Currently taking part in Amistad‘s 10th-anniversary festivities, Mystic Seaport staff member Maureen Hennessey shares her reflections from Cuba…
Wow, so much to say about this amazing experience, and hard to capture it all in this quick email, but I’ll pick up where Quentin left off on Sunday night.
We stayed at the Hotel Nacional in Havana through Sunday night and left on Monday morning for Matanzas in a very nice and comfortable 24-seat bus. Traveling were Quentin, Maureen, Cap’t Bill Pinkney, Wayne Bartow, two great journalists from The New London Day, Ted Mann (reporter) and Sean Elliot (photographer), as well as Traces of the Trade filmmaker and Dewolf family member, Katrina Browne, and Sylvia Wilhelm (our expert Cuban coordinator) and Jorge (our expert Cuban guide). Our two-hour drive to Matanzas took us along some beautiful shoreline with blue/green waters, where it is a rarity to actually see any boats (boat ownership and fishing are heavily regulated here). We also saw some really large housing projects (250,000 people) who commute many miles each day to get to Havana. The landscape changed along our route and there were some beautiful vistas of mountains and waterways. We arrived in Matanzas and dropped our luggage at the hotel before heading over to the Port to greet Amistad when she arrived shortly thereafter. You’ve probably seen/heard about the arrival celebration (it was well covered by the press). Needless to say, it was a very special occasion for us all. Onboard the ship were 19 persons, including Captain Sean Bercaw, 12 crew, and an instructor and five students from UMASS. They all deserve high praise for this great accomplishment of sailing Amistad into Cuba.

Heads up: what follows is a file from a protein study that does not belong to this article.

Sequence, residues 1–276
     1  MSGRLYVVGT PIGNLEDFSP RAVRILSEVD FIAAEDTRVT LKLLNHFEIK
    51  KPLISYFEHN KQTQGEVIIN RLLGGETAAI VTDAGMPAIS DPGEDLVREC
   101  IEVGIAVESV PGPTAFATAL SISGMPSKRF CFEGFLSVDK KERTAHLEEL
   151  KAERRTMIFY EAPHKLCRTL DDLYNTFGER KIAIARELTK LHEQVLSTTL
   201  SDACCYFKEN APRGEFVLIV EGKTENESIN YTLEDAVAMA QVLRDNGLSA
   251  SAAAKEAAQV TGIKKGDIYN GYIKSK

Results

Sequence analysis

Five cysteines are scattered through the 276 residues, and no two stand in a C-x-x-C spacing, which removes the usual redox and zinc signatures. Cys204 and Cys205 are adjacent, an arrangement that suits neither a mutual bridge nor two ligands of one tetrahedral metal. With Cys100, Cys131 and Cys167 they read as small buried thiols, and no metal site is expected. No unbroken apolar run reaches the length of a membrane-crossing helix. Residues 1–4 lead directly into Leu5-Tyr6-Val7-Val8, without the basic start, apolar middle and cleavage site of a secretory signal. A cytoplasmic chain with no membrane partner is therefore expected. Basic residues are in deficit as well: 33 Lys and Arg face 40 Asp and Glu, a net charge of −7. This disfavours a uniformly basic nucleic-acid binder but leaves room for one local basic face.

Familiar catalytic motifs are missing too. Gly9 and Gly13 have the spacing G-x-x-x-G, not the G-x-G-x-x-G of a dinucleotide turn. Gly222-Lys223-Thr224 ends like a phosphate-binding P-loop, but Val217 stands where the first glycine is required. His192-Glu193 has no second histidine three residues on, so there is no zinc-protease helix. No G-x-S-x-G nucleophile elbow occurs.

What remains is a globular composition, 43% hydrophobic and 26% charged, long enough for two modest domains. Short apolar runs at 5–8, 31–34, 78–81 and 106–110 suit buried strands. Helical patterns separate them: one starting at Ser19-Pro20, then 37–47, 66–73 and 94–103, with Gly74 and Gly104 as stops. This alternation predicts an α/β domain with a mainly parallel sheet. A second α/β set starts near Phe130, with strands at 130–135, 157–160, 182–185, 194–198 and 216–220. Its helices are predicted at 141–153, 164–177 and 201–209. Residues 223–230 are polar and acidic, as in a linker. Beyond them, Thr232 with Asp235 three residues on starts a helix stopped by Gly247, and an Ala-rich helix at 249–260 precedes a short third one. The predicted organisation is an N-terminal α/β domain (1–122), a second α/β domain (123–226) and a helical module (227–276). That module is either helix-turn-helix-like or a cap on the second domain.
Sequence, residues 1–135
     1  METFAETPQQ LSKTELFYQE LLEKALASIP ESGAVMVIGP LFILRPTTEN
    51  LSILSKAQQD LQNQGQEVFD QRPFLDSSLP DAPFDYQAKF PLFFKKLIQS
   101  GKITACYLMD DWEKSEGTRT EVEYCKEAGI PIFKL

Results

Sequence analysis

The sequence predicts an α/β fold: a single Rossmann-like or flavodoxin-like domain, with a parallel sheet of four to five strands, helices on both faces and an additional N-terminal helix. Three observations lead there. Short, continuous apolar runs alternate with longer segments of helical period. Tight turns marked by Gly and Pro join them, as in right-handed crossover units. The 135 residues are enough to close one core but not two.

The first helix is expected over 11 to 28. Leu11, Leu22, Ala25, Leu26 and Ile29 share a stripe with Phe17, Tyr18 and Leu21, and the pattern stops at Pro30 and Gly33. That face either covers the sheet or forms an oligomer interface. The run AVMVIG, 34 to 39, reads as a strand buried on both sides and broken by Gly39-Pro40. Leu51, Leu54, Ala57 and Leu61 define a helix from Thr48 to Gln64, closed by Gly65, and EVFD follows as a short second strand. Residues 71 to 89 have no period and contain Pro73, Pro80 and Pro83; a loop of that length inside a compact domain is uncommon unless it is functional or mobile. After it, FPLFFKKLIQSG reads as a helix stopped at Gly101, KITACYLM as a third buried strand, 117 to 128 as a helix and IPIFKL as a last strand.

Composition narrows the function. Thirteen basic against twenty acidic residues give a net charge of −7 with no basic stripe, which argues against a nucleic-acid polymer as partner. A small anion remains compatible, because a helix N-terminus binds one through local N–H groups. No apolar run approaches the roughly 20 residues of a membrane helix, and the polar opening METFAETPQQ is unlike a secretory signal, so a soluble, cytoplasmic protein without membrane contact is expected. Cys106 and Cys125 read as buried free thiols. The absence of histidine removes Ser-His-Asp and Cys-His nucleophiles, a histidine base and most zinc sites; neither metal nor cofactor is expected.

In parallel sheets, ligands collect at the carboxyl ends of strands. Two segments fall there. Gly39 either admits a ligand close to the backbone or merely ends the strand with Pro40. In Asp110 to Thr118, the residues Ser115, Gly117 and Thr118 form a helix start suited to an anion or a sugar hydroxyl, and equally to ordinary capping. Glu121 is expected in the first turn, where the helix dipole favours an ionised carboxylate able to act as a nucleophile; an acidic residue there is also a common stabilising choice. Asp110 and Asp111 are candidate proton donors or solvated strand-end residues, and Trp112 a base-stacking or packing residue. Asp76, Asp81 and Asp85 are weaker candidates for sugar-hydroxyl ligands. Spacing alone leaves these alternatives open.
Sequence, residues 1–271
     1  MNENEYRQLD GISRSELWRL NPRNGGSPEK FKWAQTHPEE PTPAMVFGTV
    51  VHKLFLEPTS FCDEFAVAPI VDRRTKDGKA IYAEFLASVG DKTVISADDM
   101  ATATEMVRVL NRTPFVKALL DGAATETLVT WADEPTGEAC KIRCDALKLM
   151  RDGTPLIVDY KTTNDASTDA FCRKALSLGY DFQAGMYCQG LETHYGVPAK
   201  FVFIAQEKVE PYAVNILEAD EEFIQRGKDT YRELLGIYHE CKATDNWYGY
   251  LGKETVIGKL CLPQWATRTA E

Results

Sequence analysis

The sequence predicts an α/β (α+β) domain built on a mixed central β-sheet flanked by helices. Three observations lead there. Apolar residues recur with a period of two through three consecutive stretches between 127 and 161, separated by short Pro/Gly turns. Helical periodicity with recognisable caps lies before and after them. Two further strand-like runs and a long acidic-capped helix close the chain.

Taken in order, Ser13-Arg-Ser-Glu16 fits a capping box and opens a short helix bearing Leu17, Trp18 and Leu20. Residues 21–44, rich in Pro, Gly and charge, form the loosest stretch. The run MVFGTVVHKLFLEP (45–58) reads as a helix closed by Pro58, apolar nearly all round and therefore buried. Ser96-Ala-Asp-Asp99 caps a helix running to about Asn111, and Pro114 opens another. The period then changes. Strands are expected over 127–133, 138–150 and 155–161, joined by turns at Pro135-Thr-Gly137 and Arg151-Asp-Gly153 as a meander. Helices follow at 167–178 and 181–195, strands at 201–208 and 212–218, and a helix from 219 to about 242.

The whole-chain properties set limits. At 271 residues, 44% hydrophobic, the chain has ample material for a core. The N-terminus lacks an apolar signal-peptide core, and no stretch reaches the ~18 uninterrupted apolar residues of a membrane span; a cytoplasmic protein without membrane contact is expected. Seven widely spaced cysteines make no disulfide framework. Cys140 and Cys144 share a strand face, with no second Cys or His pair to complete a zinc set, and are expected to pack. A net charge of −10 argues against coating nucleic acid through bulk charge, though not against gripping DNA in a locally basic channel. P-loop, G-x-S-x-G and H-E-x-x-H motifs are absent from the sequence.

Monday night many of us were treated to a traditional performance of the folkloric group Ojundegara in the La Hermita de Monserrate in Matanzas. As some of the crew need to stay onboard the vessel at all times, they are rotated around for the various activities (including grabbing a shower at our hotel). The bus and guide have come in handy and there is a lot of coordinating, checking lists, and back and forth through customs at the port every time we come or go.
Tuesday was a spectacular day and one we will all remember. The weather was beautiful, the programs with students began onboard, there were some intimate interviews with descendents of slaves (including one from the Amistad), a field trip to a coffee plantation (where we saw some authentic shackles, equipment, and buildings from slave days, and, of course, had some Cuban Coffee). The only disappointment on this day was that Capt. Bill was completely out of commission – truly - he did not even leave his hotel room on Tuesday. Something he ate or drank, we’ll never know. Tuesday night was one of the most enjoyable evenings of my life. Our group was treated to a variety of world-class performances at the local Theater. It included a variety of music and dance, from violins to salsa. Following that we were honored with a reception at a local museum (beginning at 10 p.m.), where there was food and more music, but this time we were the entertainment. We danced until midnight and it was electrifying.
The people of Matanzas could not be more friendly or welcoming. They have shown us great hospitality and shared their love of their culture. As Quentin conveyed to me this morning, “It’s easy to see why Hemingway and others fell in love with the Cuban people.”
It’s now Wednesday morning and I’m getting this quick email out before we continue with today’s activities and join the ship later today as we prepare to sail out at 4 a.m. tomorrow morning for the trip to Havana.
Stay tuned for more …
Adios mi amigos, Maureen